This C++ is not source, it’s an intermediate file generated by protoc, which is part of the protobuf package. Its source is the .proto file, which is also there in the repo but not used for the build. It follows that hacking protobuf.m4 to test the version was the wrong solution: instead the build should be updated to generate the intermediate files from the .proto source.
Just in case it’s news to anyone, yesterday saw the first major new release of the world’s most popular web server in just over six years. Apache HTTPD 2.4 is now released!
The last major release was version 2.2 in December 2005, while version 2.0 was first released as stable in April 2002. Why such a slow release cycle?
I guess one answer is that we have no marketing department breathing down our necks looking for press releases and big headline releases every six months. So no great pressure to keep putting out half-baked releases. This is indeed common amongst the best open-source projects: just look at how long the Linux kernel remained at 2.x, despite the constant very real need to update as hardware evolved under it! Apache’s most credible rivals in the web server space show no inclination to inflate versions, either (though application servers do: perhaps that’s why HTTPD remains a minority platform in that space).
The other reason for so few releases is that they’re rarely necessary. Apache’s modular framework means that substantial new features can be introduced without requiring any new release. The only absolute rule of minor delta releases (like an upgrade from 2.4.1 to 2.4.2, or from 2.2.0 to 2.2.20) is that they preserve full back-compatibility, so your existing modules still work even if you don’t have the source code. The ten years of Versions 2.0 and 2.2 saw many advances without fanfare.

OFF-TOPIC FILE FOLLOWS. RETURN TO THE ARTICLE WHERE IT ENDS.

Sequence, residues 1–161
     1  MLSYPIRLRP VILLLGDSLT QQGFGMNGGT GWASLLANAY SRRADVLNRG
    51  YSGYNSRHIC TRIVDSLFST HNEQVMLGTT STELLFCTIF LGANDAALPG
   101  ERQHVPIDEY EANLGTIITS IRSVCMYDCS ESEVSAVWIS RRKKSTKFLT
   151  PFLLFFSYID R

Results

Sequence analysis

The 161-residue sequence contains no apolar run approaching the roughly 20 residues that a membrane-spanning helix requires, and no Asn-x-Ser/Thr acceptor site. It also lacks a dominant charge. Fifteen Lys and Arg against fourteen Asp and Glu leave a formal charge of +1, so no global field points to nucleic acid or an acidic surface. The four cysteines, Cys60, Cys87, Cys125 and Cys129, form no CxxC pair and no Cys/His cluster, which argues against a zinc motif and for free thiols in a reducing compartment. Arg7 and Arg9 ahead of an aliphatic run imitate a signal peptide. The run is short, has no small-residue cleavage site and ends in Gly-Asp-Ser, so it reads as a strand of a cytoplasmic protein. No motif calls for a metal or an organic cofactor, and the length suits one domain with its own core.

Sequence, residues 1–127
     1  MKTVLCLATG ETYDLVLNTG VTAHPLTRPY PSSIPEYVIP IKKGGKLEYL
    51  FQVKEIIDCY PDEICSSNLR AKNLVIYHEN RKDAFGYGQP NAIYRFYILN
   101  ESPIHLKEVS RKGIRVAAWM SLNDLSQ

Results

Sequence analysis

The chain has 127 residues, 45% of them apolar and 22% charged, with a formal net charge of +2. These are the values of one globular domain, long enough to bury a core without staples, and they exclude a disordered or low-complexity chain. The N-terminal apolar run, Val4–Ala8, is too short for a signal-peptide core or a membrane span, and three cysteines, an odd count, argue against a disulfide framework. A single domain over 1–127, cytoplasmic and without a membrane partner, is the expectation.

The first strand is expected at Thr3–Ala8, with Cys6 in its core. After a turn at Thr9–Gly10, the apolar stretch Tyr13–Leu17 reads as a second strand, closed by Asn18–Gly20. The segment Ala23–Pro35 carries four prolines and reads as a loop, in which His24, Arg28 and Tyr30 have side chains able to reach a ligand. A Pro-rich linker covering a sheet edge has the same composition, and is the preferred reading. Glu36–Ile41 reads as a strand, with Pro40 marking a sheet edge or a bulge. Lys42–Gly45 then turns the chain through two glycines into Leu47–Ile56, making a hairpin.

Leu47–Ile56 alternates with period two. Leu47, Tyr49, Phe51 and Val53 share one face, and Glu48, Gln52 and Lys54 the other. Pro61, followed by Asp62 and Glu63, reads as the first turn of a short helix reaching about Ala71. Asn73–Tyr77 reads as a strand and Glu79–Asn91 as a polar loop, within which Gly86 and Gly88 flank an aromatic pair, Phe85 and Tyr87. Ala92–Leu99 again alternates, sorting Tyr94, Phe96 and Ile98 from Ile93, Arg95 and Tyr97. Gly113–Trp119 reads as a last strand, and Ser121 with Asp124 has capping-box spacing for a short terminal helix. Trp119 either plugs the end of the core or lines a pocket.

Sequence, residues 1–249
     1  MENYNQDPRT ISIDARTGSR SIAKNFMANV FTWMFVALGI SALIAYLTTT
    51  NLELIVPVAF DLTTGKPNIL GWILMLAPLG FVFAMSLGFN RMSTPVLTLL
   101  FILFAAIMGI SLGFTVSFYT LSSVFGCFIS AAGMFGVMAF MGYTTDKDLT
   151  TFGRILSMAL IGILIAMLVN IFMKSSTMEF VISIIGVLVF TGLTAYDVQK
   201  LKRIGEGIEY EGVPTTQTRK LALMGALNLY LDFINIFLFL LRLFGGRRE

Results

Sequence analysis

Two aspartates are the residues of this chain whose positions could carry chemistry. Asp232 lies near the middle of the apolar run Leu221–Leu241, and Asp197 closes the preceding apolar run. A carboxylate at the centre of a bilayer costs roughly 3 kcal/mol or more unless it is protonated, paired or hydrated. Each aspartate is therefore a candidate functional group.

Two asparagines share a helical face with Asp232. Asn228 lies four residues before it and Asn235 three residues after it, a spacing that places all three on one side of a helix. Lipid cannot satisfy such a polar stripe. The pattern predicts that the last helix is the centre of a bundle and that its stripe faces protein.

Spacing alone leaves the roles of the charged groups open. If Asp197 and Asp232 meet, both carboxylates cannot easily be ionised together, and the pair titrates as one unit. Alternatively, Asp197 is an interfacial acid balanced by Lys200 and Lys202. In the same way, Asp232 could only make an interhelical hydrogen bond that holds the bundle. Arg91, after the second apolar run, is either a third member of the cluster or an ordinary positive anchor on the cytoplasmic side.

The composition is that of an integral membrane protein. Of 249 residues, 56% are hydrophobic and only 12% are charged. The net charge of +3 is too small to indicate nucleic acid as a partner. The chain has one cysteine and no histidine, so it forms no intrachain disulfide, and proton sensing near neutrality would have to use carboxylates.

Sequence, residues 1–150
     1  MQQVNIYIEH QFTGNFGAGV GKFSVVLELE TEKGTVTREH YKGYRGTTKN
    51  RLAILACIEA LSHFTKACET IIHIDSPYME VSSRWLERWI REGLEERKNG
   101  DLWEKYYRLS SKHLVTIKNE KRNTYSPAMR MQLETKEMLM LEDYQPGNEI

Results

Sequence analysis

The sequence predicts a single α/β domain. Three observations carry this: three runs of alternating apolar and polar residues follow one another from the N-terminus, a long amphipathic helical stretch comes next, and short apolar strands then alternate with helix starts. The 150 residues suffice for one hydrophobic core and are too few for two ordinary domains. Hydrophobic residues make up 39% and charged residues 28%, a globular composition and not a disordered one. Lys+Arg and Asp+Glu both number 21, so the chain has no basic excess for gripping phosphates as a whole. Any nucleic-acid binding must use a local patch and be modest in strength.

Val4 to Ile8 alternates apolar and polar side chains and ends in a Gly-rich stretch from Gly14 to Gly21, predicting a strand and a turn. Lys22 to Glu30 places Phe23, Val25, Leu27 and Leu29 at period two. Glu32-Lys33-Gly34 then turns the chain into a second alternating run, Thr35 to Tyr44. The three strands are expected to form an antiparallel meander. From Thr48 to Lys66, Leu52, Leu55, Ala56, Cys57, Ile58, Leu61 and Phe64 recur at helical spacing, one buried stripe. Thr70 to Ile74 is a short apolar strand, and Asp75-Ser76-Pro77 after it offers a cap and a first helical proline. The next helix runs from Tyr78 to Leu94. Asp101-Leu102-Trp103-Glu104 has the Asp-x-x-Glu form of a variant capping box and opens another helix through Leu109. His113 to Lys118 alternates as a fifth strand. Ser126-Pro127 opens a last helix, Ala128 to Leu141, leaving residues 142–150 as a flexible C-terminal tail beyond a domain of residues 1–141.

I just dug up this text, from the preface to my book. I was right when I wrote:
The current Apache release — version 2.2 — is the primary focus of this book. Version 2.2.0 was released in December 2005, and given Apache’s development cycle, is likely to remain current for some time (the previous stable version 2.0 was released in April 2002). This book is also very relevant to developers still working with 2.0 (the architecture and API is substantially the same across all 2.x versions) and is expected to remain valid for the foreseeable future.
When I first released some Apache modules, I was not yet part of the core development team. I released modules based at my own site, for whomsoever was interested. More recently, most new modules I’ve developed have gone straight into the core distribution from apache.org. I’ve discussed the issue of in or out in this blog before, and this post could be considered a case in point.